Two days out from the 2016 FIFA U-20 Women’s World Cup final between Korea DPR and France, a press conference was held in Port Moresby looking back at the three-week event.
On hand were Sonia Bien Aime, Chairwoman of the FIFA U-20 Women's World Cup Organising Committee and member of the FIFA Council; Rebecca Smith, FIFA Manager of Women's Competitions and Seamus Marten, CEO of the Papua New Guinea 2016 Local Organising Committee (LOC).
Among some of the key discussion points were the success of the tournament, and the legacy that will remain in Papua New Guinea as a result of the 2016 FIFA U-20 Women's World Cup.
FIFA.com reviews some of the key points from the press conference.
Sonia Bien Aime
I would like to thank the government of PNG for supporting women’s football in this beautiful country, and I would also like to thank the LOC for their efforts and hard work. The people of PNG have proven themselves to not only be very friendly and warm people, but also very good hosts. I consider this tournament to be full of success.
We have also seen many campaigns here off the pitch, campaigns which hopefully will encourage girls and women to break barriers and end violence. I sincerely hope will that this tournament will leave a legacy and that each girl that wants to play football can do so. From a volunteer stand-point, we had over 1,000 people who received training as a result of this tournament, and are now employable, so many people have benefitted from this tournament.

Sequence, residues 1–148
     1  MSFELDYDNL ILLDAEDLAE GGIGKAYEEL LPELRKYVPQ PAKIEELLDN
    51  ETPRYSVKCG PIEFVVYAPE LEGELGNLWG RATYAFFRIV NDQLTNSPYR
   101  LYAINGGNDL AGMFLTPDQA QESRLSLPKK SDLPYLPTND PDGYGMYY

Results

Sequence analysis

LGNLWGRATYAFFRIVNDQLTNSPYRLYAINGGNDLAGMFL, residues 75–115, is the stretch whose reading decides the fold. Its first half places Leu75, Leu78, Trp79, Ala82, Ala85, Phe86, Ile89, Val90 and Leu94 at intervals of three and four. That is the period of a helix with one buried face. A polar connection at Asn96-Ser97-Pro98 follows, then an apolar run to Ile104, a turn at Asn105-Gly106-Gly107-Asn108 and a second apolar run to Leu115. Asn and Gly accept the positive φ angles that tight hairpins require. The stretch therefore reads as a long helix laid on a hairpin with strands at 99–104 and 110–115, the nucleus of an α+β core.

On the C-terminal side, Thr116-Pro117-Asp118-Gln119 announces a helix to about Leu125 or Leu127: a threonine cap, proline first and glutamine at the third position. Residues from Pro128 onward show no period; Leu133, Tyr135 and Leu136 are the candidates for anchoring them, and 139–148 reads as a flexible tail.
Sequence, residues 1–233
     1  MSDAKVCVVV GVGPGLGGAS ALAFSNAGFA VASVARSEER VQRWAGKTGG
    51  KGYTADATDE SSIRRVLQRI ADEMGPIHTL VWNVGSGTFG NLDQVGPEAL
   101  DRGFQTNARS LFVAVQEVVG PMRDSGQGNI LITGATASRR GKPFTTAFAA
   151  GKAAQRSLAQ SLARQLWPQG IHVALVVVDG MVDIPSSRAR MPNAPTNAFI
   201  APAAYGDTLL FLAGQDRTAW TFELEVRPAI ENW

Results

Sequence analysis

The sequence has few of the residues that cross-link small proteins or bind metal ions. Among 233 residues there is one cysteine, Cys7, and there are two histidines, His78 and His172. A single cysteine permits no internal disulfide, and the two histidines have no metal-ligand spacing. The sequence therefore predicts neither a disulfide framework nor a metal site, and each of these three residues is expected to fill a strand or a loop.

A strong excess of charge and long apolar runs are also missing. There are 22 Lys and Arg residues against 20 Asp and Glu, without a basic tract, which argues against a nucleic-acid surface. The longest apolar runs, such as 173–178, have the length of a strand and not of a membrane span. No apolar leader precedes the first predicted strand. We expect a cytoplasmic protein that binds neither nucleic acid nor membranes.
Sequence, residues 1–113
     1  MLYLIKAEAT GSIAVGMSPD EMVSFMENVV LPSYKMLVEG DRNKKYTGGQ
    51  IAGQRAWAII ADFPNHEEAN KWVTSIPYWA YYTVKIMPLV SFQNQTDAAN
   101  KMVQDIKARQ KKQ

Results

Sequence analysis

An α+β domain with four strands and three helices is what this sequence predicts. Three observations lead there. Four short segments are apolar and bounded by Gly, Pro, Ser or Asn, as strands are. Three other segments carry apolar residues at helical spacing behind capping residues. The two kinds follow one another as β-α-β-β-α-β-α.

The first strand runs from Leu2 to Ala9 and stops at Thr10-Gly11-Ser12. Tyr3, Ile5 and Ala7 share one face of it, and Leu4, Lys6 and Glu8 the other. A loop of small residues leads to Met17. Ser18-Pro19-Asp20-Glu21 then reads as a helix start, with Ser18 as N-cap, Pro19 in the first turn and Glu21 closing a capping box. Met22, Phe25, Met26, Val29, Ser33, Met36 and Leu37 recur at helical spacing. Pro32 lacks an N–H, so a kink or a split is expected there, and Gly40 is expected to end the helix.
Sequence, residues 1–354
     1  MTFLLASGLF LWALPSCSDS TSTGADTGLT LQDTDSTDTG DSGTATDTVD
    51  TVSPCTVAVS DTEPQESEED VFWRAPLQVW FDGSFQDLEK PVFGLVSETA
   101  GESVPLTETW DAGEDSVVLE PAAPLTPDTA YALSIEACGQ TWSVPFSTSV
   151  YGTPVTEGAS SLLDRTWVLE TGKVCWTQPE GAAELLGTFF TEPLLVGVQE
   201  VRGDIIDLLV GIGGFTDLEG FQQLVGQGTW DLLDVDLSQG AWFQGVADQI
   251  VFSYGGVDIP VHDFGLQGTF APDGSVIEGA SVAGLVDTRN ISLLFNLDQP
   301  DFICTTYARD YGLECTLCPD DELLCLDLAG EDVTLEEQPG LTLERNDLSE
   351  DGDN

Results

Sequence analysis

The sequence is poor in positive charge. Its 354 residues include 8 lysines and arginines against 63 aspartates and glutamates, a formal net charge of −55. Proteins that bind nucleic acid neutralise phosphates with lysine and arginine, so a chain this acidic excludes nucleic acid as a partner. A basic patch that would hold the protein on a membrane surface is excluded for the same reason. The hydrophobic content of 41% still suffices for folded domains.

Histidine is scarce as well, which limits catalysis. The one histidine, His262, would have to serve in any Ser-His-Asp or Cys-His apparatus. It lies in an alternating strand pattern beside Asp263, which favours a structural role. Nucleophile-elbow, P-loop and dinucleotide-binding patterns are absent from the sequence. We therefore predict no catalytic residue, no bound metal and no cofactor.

Despite some challenges I can say the tournament has generally been a success. There have been some amazing crowds and the participating teams have provided some very positive feedback, and have some positive experiences to take away from PNG. It has been one of the best attended events that we have had, not just in terms of numbers, but in terms of atmosphere at the stadiums. The crowds have really gotten behind all the teams, and the experience for the fans and the teams has just been phenomenal.
There has been some great infrastructure that has been put into place and we really hope that for legacy purposes it continues to hold, and that the future women’s league in the country is a success. PNG Football Stadium was operated by an all-female venue crew and that is something we have never seen in any World Cup. I really hope in terms of legacy that the venue will remain with the PNGFA and with women’s football as well. There will also be a maintenance programme for pitches so that is also an important legacy to leave behind.
As a nation we should be very proud, as a city Port Moresby has stood up, as a football family the PNG football association has delivered, and also as individuals from the entire workforce to all the spectators, we have given a very good account of Papua New Guinea. I know that our visiting teams and guests have left with warm memories of the country and the tournament.
Port Moresby now has stadiums dedicated to football which is something we haven’t had before. Underpinning that have been the actual programmes. There has been the FIFA Live Your Goals programme in the lead-up and during the event, and there will be the mini football programme across the country which is primarily aimed at young girls to play football. On top of that there is various other FIFA projects with academies looking to be developed, one in Kimbe specifically for women’s football.
On top of that our workforce programme had a unique approach, identifying a marginalised group of youth providing them with skills, and encouraging them towards employment. So off the pitch there have been some legacy aspects as well.
That magic moment when (PNG forward) Nicollete (Ageva) scored that goal … I think everyone was willing that to happen and, maybe selfishly, that was the moment of the tournament. I think we have inspired a generation.